special education

At the Queens High School of Teaching, a model of inclusion

Like most seniors at the Queens High School of Teaching, Sabrina Alphonse takes a range of academic classes, had a blast on her senior trip, and is starting to plan her future.

But Alphonse is different in one key way: She is not technically a student at the school. Instead, Alphonse, who is wheelchair-bound, attends Q811, the District 75 school for severely disabled students sited on QHST’s campus.

All city schools include students with special needs in some way. Many have self-contained classes that serve only students with disabilities. Others operate some classes where special education and general education teachers work together to serve both kinds of students. But few are “fully inclusive,” as QHST is.

Full inclusion means that every student with special needs who is admitted to QHST is educated in the same classroom as general education students. There are no self-contained classes.

It also means that students such as Alphonse, whose disabilities are so severe that they are enrolled in District 75, taking classes alongside general education students and joining in with all of the QHST’s day-to-day activities, clubs, and programs. About three dozen Q811 students are enrolled in QHST classes, but all of the District 75 school’s students can participate in the high school’s extracurricular activities, and many do.

QHST is not just different because of how it has included students with special needs. Its success with them is also substantially different. Across the city, only a little more than one in four students with special needs graduates from high school in four years. At QHST, it’s well over 70 percent — not far off the school’s overall 88 percent graduation rate.

Laura Rodriguez, the Department of Education’s outgoing deputy chancellor for special education, has hailed the school’s graduation rate, and Nigel Pugh, the former principal, says the school has been singled out for having the smallest graduation rate gap between general education and special education students.

QHST administrators are baffled when they hear school communities sometimes point to oversized special education population as a reason for lagging performance.

“Given what they’re saying, the demographic we have should lead us in one direction, but it’s not,” said Jae Cho, the school’s interim acting principal.

Soon, all schools will look a little more like QHST. The department is in the middle of introducing special education reforms aimed at distributing students with special needs equitably among schools — and encouraging schools to place those students in the “least restrictive environment” they can handle. For many students, that means being included in general education classes for at least some of the school day.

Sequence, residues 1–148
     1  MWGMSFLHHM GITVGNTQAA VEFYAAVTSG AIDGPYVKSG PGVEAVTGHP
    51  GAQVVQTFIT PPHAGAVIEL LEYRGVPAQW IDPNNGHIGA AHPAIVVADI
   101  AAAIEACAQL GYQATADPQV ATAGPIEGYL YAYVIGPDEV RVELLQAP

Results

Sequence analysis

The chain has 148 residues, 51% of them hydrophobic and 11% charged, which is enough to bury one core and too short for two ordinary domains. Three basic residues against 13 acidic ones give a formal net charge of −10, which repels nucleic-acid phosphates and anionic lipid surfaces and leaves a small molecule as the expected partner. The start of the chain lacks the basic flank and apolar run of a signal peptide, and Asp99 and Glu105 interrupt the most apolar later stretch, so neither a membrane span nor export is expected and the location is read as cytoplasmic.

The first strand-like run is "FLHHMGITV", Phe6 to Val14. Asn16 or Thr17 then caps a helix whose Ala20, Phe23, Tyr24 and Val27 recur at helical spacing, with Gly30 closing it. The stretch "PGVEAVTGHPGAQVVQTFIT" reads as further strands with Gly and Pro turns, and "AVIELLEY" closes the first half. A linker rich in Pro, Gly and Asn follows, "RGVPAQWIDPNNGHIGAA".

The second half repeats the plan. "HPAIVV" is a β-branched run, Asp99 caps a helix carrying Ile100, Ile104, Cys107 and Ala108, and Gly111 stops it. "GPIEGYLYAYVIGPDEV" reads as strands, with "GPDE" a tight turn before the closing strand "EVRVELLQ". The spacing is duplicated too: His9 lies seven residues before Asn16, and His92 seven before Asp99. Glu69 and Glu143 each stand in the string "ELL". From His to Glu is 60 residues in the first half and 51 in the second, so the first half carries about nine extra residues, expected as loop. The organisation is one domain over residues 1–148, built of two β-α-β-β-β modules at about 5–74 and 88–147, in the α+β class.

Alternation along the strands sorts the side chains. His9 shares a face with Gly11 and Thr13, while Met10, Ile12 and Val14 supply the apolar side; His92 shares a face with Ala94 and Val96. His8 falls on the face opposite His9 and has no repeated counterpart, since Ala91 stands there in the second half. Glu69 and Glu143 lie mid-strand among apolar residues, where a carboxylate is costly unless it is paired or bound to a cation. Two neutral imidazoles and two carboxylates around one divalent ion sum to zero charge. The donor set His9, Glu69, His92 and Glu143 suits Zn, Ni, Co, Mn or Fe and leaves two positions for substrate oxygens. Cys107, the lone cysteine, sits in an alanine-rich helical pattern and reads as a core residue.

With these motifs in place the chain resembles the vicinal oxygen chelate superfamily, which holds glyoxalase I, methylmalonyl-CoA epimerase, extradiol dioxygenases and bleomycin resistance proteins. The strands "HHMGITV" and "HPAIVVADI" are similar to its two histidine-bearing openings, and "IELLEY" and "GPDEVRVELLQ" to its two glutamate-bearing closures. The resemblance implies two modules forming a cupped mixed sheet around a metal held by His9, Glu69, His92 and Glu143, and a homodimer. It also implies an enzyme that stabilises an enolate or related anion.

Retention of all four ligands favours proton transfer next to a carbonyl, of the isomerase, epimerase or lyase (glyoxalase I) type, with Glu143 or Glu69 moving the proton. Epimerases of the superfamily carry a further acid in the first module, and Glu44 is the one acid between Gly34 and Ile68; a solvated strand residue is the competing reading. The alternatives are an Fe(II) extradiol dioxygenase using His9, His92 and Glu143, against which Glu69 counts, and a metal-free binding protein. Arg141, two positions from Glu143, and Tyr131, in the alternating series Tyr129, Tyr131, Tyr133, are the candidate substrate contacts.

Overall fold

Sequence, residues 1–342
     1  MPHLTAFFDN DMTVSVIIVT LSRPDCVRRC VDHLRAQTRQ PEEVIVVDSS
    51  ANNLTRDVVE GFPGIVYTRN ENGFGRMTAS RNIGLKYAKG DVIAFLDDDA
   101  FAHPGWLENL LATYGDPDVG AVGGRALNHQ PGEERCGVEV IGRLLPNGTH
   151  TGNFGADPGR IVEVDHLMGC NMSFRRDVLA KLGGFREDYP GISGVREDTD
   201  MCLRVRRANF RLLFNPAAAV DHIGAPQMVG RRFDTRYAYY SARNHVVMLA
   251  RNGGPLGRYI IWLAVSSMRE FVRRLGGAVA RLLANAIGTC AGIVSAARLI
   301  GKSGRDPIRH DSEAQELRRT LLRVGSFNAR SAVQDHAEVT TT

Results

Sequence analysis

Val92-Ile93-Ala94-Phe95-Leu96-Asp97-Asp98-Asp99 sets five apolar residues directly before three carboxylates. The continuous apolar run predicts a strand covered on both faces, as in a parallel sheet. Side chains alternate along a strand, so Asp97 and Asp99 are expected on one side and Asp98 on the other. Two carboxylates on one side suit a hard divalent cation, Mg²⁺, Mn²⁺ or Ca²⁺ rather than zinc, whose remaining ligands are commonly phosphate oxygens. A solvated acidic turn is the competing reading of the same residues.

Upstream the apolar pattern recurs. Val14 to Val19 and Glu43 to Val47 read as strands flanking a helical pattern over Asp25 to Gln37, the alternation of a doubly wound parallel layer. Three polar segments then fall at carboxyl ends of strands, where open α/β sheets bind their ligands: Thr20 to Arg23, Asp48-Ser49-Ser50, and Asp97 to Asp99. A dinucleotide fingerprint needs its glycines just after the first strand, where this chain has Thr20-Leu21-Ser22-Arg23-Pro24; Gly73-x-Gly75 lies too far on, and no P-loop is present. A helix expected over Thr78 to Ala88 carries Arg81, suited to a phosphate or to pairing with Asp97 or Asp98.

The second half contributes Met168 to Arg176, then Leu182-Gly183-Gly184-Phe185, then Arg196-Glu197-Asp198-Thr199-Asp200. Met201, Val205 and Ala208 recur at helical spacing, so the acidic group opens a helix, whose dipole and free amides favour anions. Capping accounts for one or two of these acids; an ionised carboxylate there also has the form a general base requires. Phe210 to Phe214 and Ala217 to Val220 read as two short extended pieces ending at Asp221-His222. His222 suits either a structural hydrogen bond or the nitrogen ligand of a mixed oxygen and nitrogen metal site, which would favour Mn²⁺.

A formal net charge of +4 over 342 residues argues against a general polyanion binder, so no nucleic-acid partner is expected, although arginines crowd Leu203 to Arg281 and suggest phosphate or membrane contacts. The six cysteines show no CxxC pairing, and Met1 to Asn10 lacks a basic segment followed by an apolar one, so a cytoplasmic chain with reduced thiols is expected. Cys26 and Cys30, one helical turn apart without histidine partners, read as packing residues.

“Their stated goal is not about inclusion, but it is about educating more and more students with disabilities in community schools,” Maggie Moroff, coordinator of the ARISE Coalition of special education advocacy groups, said about the Department of Education. “The way it’s playing out, it looks like there will be less self-contained [classes] and more inclusion for greater access to the academic curriculum.”

The shift is likely to be challenging for schools that are used to handing off disabled students after explaining that they can’t meet the students’ needs. Some educators and parents are complaining that the shift is motivated by finances — it costs less to include students than keep them in self-contained classes — rather than by what’s best for students or schools.

“For schools that don’t have structures in place, it’s a shift in thinking,” said Cho.

Moroff said inclusion can’t succeed unless schools have extra resources, administrative support, and “continuing, ongoing, at-the-elbow professional development.”

But she said it is worthy work. “Life is inclusive,” she said. “Or should be.”

This was the belief Pugh emphasized when he founded QHST in 2003. “The question is: Do you value these kids?” he said recently, speaking from his new office at the Department of Education’s central administration, where he is helping roll out the new special education reforms.

In addition partnering with Q811, the District 75 school, from its opening day, QHST made it a custom to recruit eighth-graders with special needs.

And even after a large number were admitted through the regular high school admissions process, Pugh sought out more. The first time Pugh called the department’s central enrollment office, the person who answered the phone thought he was calling to complain about how many special education students he was assigned. He was so used to hearing principals resist that he just assumed Pugh was doing the same, Pugh recalled.